Higher drug prices will boost development of personalised medicine, says new reportBMJ 2013; 347 doi: https://doi.org/10.1136/bmj.f4549 (Published 16 July 2013) Cite this as: BMJ 2013;347:f4549
Raising prices of drugs when they are used for certain indications or in particular groups of patients should be encouraged so that new personalised drugs can be developed, a new report has concluded.1
John Bell, regius professor of medicine at the University of Oxford and chairman of the report’s oversight committee, said, “Current pricing and reimbursement systems do not provide adequate incentives for the development of personalised medicines.
“A new system of pricing needs to be developed that enables prices to be adjusted over time to reflect the increases in value.”
The report, published by the Academy of Medical Sciences, a professional body for biomedical researchers, suggests that the value of a drug could be measured by the National Institute for Care and Excellence (NICE) in terms of quality adjusted life years (QALYs).
Bell said, “If you’re treating a whole population, and out of that population you’re getting a certain number of QALYs, then the pharmaceutical company will get a certain amount of money back. If all those QALYs are coming from 10% of the patients, the pharmaceutical company should get the same amount of money, but all those other people are spared having to swallow drugs that aren’t going to help them.”
Adrian Towse, director of the Office of Health Economics and a coauthor of the report, said, “If we simply cut the company’s revenues by 90% then we’re sending the wrong signals for innovation. More importantly, there may well be other indications or uses for that drug that have quite different values—they may be higher or lower.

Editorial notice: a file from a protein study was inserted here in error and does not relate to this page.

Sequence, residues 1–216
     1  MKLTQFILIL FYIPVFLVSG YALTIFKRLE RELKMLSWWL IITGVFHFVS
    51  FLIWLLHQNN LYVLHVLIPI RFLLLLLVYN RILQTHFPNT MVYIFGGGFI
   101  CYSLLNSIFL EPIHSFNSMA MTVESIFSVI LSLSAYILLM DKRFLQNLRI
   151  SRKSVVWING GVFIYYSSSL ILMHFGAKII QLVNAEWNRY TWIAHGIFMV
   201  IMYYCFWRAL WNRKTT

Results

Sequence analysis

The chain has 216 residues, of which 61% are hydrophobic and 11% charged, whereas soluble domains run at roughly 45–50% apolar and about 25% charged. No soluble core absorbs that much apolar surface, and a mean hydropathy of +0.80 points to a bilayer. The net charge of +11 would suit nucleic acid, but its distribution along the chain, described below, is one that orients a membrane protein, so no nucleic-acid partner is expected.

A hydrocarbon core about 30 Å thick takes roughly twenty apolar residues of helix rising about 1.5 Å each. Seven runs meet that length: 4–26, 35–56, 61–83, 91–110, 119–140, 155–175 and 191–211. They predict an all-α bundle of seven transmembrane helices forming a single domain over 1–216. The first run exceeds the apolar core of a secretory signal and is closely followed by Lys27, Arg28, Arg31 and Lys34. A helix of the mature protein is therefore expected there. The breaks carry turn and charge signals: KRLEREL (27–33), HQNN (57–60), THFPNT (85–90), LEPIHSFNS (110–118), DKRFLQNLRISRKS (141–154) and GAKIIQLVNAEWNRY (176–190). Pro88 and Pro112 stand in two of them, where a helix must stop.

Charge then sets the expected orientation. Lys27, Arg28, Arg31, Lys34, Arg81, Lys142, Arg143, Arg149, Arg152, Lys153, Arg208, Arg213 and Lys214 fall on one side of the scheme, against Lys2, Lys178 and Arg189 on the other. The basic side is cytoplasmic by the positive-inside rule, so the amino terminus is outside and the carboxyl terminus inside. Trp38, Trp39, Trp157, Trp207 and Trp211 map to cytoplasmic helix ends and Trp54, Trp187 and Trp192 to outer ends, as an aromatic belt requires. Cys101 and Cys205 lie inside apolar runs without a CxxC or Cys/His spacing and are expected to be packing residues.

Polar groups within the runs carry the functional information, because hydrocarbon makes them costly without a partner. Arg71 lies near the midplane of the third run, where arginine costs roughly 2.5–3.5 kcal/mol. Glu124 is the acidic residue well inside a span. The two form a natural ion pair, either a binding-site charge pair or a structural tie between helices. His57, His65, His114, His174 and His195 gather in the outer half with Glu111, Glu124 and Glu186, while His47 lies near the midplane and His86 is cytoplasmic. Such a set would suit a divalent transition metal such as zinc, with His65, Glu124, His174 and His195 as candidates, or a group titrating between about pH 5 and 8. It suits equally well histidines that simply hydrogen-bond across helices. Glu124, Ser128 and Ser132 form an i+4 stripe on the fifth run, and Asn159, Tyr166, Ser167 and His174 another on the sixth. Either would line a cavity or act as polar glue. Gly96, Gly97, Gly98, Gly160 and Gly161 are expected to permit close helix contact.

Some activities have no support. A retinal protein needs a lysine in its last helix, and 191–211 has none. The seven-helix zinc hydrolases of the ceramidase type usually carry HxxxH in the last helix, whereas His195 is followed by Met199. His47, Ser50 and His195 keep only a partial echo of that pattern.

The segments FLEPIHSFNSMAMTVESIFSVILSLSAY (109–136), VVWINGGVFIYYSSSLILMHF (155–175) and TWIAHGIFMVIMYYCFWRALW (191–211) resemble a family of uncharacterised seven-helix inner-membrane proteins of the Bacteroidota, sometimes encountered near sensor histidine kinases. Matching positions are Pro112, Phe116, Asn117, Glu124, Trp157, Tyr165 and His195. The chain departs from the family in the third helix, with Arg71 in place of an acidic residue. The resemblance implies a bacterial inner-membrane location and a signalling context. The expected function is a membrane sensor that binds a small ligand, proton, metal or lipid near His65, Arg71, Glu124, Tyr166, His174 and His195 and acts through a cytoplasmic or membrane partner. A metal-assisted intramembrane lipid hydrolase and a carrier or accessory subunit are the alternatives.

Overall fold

“If, in a sense, they can’t change their price, then what they may well do is think it’s just not worth developing that additional indication.”
Bell pointed to the case of the leukaemia treatment alemtuzumab, which was being used off label for patients with multiple sclerosis. Controversially, the manufacturer, Genzyme, withdrew it in preparation for a relaunch of the drug at a price “15 to 20 times” higher than before.2 It was made available again to some patients after pressure from the BMJ.3
Bell said, “[Genzyme] feel like if they can’t get the price that they need for multiple sclerosis, then they’ve got to stop supplying it for the other indications. There’s a really fundamental problem.”
Bell and Towse argue that such value based pricing, allowing rises in prices of drugs used for patients who were most likely to benefit, would encourage drug companies to target groups of patient who would have fewer adverse effects and experience greater benefits.
One example in the report is that of chemotherapy for non-small cell lung cancer patients carrying a certain mutation: “Now patients with lung cancer can have biopsy tissue sent for genetic analysis to ascertain their suitability for this treatment, and receive an accurate, genetically derived diagnosis in 7-10 days.
“These developments have transformed therapy for those 5% of NSCLC [non-small cell lung cancer patients] driven by EML4-ALK mutation, meaning that by simply taking two capsules per day, the cancer shrinks or disappears for more than one in every two people treated, rather than for one in every ten as was the case with traditional chemotherapy.”1
The government has already proposed a new pricing system for drugs, based on the value that they offer to patients. It is due to come into effect next year, and NICE has been chosen to assess the value of new drugs.4 5
Other recommendations in the report include greater collection of high quality genomic data; maximising the use of routinely collected clinical data in research; collaboration between industry, healthcare providers, and academia; compulsory accreditation of cheaper in-house testing by health institution laboratories; and greater intellectual property protection for diagnostics.
The report was developed with and supported by Amgen, Roche, GE Healthcare, and the Association of the British Pharmaceutical Industry.
Cite this as: BMJ 2013;347:f4549